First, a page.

Want to support your child through university Clearing? You're not alone.
Clearing can be a difficult time but it needn't be. To help you offer your child the best support, we want to dispel some of the myths you may have heard surrounding Clearing.
What is Clearing?
Put simply, Clearing is the process of universities filling their vacant spaces for this academic year, after the main cycle of applications has closed. The unique nature of Clearing means that your child will be applying with their actual grades, rather than predicted, so once they receive their results they can apply.
Why would my child use Clearing?
There’s no simple answer for this but generally speaking, there are 4 reasons to enter Clearing:
They have changed their mind about their firm choice. If they’ve had second thoughts about their chosen university or course, it’s not too late. A lot of students use Clearing to simply change their mind and secure a place elsewhere.
They didn’t meet the conditions of their Firm or Insurance offers. Let’s not beat around the bush – sometimes Clearing is entered because they didn’t meet the entry requirements set by their choices. The most important thing in this situation is to remind your child that this is not the end of the world, and Clearing is there to help them, not trip them up!
Their results are better than they thought. If your child receives their results and gets a pleasant surprise, they may want to upgrade their university choice or apply for a course they previously thought was out of reach – Clearing is the chance to do exactly that.
They planned to wait for Clearing all along. If your child planned to apply via Clearing weeks or even months ago, they’re not alone! Every year we see increasing numbers of applicants who simply choose to wait until they get their results to make their university choices.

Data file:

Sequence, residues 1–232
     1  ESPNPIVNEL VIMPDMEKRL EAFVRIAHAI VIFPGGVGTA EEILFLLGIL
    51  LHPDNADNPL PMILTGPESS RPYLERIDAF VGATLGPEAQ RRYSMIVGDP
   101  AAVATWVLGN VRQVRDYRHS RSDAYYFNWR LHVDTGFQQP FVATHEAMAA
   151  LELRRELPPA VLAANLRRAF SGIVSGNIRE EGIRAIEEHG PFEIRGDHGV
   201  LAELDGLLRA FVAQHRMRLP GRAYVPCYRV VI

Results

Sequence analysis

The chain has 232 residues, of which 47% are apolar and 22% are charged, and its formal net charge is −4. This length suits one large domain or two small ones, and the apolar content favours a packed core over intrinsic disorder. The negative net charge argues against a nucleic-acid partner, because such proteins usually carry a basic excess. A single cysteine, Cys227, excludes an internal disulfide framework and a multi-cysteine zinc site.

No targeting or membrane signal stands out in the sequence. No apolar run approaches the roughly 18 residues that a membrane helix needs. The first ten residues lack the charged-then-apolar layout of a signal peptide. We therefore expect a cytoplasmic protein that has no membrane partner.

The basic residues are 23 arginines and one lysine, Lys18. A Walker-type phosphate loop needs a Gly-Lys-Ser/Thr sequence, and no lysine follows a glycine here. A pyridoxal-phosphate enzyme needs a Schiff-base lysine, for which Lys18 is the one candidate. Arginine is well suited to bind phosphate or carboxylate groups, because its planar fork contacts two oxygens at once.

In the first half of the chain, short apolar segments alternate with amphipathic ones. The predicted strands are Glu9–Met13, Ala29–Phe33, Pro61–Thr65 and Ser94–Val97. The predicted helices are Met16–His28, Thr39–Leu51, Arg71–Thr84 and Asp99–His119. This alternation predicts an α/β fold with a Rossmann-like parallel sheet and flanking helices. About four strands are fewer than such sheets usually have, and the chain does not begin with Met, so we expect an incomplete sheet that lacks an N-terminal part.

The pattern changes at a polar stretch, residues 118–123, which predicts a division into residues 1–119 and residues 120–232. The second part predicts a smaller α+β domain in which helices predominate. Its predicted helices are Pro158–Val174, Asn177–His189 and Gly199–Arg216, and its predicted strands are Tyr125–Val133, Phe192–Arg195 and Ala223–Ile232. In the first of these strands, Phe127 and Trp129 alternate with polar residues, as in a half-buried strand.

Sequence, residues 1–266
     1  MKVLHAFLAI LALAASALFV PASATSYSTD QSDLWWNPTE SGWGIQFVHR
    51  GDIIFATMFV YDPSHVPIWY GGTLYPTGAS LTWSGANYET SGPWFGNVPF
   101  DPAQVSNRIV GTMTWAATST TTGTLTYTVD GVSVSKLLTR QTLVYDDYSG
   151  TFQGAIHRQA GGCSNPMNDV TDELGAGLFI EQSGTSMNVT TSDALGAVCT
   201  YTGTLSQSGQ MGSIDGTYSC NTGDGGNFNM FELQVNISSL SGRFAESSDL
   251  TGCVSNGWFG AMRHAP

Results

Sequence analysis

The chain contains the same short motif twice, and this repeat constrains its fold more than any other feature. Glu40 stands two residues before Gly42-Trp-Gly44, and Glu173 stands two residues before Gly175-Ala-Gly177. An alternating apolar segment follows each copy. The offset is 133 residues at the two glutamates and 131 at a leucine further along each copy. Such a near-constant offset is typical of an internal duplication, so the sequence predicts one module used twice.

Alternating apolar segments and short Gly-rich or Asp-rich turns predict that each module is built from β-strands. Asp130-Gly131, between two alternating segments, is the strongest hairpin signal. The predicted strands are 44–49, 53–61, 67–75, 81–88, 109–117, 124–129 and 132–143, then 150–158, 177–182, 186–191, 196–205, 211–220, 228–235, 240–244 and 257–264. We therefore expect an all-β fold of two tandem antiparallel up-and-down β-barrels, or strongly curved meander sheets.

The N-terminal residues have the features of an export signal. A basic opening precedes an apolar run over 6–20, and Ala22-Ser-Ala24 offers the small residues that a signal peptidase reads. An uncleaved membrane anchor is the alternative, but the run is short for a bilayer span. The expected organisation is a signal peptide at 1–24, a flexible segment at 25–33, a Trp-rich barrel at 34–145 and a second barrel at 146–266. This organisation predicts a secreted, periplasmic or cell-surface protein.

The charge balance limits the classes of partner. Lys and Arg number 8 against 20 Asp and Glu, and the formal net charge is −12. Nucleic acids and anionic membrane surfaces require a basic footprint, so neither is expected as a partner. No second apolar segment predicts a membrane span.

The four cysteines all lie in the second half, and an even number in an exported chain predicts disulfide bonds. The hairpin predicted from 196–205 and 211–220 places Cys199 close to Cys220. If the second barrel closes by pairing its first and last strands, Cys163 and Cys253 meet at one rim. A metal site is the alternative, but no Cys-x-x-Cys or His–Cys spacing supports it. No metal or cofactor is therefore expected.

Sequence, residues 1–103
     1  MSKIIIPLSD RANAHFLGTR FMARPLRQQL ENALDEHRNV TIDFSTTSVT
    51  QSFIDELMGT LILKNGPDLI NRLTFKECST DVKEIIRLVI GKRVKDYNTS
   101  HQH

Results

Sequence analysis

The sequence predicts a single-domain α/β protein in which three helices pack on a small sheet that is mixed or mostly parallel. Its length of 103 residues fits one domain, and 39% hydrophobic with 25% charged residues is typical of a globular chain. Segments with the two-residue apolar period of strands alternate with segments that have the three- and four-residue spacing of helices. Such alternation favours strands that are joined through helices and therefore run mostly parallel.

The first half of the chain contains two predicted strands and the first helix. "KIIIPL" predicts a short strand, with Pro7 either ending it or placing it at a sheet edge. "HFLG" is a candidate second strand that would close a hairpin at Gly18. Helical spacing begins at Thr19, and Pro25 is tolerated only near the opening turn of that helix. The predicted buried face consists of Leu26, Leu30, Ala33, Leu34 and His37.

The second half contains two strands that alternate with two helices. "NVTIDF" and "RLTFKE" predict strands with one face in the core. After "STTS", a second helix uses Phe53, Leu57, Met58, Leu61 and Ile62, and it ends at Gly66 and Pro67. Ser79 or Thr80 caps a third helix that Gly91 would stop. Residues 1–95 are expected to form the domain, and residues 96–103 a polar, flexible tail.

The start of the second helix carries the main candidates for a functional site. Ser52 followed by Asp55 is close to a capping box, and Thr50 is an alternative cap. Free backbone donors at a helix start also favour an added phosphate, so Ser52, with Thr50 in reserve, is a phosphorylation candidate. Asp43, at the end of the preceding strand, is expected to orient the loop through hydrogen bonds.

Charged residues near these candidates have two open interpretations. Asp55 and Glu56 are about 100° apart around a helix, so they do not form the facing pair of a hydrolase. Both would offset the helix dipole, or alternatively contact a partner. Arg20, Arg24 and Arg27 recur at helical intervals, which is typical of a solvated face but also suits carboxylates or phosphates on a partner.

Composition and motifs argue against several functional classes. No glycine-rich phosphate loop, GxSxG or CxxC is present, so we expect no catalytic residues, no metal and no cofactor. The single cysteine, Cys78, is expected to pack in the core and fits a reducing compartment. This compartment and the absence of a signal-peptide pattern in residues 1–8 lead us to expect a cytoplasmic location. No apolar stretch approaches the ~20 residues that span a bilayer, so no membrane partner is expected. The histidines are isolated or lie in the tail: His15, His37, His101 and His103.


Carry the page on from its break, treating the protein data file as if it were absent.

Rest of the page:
What can I do to help in Clearing?
You are, of course, number one tea maker and hug-giver. The truth is, the best thing you can do for your child over Clearing is just be there to support them through it and keep them calm. It isn’t the ‘big deal’ many students think it is, but reassurance from you will make all the difference. Getting online and researching the institutions your child is interested in can be helpful too – whether that’s to check available courses or find out about Clearing Open Day opportunities.
What are the key things I should know about Clearing?
Your child can, and should, take their time. Some universities may try and put time pressure on their offer. It’s important to remember that this is a big decision, so your child should take their time and make the best choice for them. Don’t let universities push your child into the wrong decision. Each institution sets their own time restrictions on whether an offer ‘expires’ – at Essex, we have no formal time limit. We want your child to choose Essex because they want to, not because they felt forced by a time restriction!
It’s very common to be in Clearing. More and more students are entering university via Clearing so rest assured that your child is far from the odd one out. Last year over 73,000 students secured their place at university through Clearing.
An institution offering Clearing spaces isn’t a bad sign. Just as it’s very common for students to enter Clearing, it’s also very common for universities to offer Clearing spaces. It’s not a signifier of a lesser quality institution, or a sign they’re struggling for numbers – it’s just another part of the recruitment process. Not all universities will go in to Clearing – it’s true – but the majority will, and there’s no shame in doing so.
I still have more questions, who can I ask?
You’ll find lots of other useful information on our What is Clearing and Clearing FAQ pages. And if you have more questions after that hop over to Live Chat and ask one of our team directly!
Courses in Clearing
Better grades, worse grades, exactly what you were expecting grades. Maybe you just want to change your mind about the course you want to study. Explore our complete list of courses available in Clearing.